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Clashes broke out in Kabul on Thursday, Sept. 1, 2016, between supporters of Afghanistan's Vice President Abdul Rashid Dostum, left, and a group trying to rebury the remains of King Habibullah Kalakani, at right, who was hanged in 1929.

Clashes broke out in Kabul on Thursday, Sept. 1, 2016, between supporters of Afghanistan's Vice President Abdul Rashid Dostum, left, and a group trying to rebury the remains of King Habibullah Kalakani, at right, who was hanged in 1929. ()

KABUL, Afghanistan — Fighting broke out in the Afghan capital Thursday between supporters of Afghan Vice President Abdul Rashid Dostum and a group attempting to rebury the remains of a long-dead monarch whose short-lived, despotic rein ended with his hanging in 1929.

Fighting erupted in the early afternoon, when supporters of the vice president, an ethnic Uzbek, opened fire on pallbearers carrying the remains of King Habibullah Kalakani, a Tajik, near the Shahrara area of the city, wounding five people, Afghanistan’s Tolo News reported.

On social media, eyewitnesses posted photos of a pock-marked wall and a bleeding victim. They said shooting lasted for about 25 minutes.

At issue is the burial site for Kalakani, known disparagingly as Bacha-i-Saqao, or “son of a water carrier,” and viewed by many in Afghanistan to be an illiterate bandit who toppled a reformist monarch and, during his nine-month rule, obliterated efforts to modernize the country.

For 87 years, he has lain in an unmarked grave below the burial site of the country’s ethnic Pashtun dynasty — including the ornate, black marble mausoleum of King Nader Shah who had him executed — on Maranjan hill in Kabul.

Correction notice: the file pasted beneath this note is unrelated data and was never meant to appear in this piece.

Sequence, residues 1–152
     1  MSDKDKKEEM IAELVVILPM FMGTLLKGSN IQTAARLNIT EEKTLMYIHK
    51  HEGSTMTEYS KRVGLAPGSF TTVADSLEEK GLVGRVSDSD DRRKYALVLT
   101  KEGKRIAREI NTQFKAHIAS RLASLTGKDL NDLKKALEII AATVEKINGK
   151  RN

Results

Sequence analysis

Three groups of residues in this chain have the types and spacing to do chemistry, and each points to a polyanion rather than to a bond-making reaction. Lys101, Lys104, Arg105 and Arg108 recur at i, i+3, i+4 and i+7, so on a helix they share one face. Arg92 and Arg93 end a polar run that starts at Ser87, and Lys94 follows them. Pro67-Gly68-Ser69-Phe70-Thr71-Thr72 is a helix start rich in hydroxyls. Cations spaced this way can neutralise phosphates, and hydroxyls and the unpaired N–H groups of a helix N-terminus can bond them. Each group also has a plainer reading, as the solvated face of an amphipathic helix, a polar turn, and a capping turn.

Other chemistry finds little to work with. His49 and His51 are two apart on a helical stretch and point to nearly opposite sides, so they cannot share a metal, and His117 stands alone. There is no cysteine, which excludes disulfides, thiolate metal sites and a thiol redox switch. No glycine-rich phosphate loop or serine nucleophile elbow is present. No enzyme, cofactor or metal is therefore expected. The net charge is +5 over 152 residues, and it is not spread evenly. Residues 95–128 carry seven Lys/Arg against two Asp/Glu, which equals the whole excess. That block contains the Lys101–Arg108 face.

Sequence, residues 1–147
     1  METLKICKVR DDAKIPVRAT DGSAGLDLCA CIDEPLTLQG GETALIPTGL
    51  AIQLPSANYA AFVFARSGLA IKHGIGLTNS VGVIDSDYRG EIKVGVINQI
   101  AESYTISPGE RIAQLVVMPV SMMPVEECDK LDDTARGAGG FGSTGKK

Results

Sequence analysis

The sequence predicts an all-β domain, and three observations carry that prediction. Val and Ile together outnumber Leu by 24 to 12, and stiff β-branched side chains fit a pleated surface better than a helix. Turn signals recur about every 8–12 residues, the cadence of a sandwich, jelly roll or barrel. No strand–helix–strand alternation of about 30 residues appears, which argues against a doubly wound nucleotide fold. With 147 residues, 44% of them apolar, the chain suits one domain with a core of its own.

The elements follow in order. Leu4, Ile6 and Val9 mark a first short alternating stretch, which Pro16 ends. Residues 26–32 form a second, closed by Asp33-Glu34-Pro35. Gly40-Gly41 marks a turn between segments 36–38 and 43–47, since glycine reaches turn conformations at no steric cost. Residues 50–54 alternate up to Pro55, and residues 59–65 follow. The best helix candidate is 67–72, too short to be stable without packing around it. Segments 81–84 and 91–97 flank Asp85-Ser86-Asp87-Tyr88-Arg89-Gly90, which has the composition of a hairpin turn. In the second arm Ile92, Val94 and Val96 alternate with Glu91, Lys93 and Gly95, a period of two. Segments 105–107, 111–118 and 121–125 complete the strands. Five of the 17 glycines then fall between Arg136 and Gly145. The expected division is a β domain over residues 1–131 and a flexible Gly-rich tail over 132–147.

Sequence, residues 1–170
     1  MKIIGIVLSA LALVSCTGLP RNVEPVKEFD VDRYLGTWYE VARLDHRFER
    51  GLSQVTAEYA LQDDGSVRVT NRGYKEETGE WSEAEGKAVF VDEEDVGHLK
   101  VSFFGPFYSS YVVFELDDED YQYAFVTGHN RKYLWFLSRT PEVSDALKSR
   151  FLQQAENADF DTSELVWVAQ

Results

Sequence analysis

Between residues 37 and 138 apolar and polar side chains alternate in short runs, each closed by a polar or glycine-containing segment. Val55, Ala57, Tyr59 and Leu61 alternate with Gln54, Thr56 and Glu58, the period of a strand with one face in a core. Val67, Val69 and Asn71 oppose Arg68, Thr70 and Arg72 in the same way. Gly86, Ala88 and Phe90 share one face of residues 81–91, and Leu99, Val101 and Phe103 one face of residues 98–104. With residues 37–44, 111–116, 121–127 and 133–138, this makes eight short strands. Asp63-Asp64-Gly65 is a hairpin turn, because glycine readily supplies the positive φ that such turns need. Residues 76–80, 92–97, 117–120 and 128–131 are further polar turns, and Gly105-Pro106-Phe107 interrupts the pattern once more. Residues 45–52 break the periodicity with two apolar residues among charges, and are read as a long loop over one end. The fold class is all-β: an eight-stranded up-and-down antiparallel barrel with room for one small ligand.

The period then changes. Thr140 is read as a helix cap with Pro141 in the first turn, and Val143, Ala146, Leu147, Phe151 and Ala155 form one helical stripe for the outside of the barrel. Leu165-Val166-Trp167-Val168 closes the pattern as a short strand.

Recently, Kalakani’s supporters, mostly ethnic Tajiks like him, have attempted to reform his image as a devout Muslim who, like many Afghans, was appalled at the reforms of then-King Amanullah Khan. They demanded he be reburied somewhere more reverential.

A burial commission had decided on a burial at Shahrara hill in central Kabul, said Haroon Mautarif, head of the commission. But Vice President Dostum’s supporters, mainly ethnic Uzbeks who consider the site a part of their heritage, objected, and another site was selected.

Streets in parts of Kabul had been closed off for much of the day to protect the ceremony as participants processed from a mosque to the new burial site. But, after praying at the mosque, several Kalakani supporters angrily took the remains toward Shahrara hill, Mautarif said.

Saleh Mohammad Registani, a former parliament member who was participating in the burial ceremony, told 1TV that Dostum’s supporters wounded five people. Dostum’s spokesman Bashir Ahmad Tahyanj said one Dostum supporter was shot and later died. However, the Kabul police could not confirm those reports of casualties. The clashes ended around 4 p.m., said Faraidon Obaidi, head of the criminal investigation branch of the Kabul police. Officials were on the scene to resolve the issue between the two sides, he said.

garland.chad@stripes.com Twitter: @chadgarland

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Chad is a Marine Corps veteran who covers the U.S. military in the Middle East, Afghanistan and sometimes elsewhere for Stars and Stripes. An Illinois native who’s reported for news outlets in Washington, D.C., Arizona, Oregon and California, he’s an alumnus of the Defense Language Institute, the University of Illinois at Urbana-Champaign and Arizona State University.
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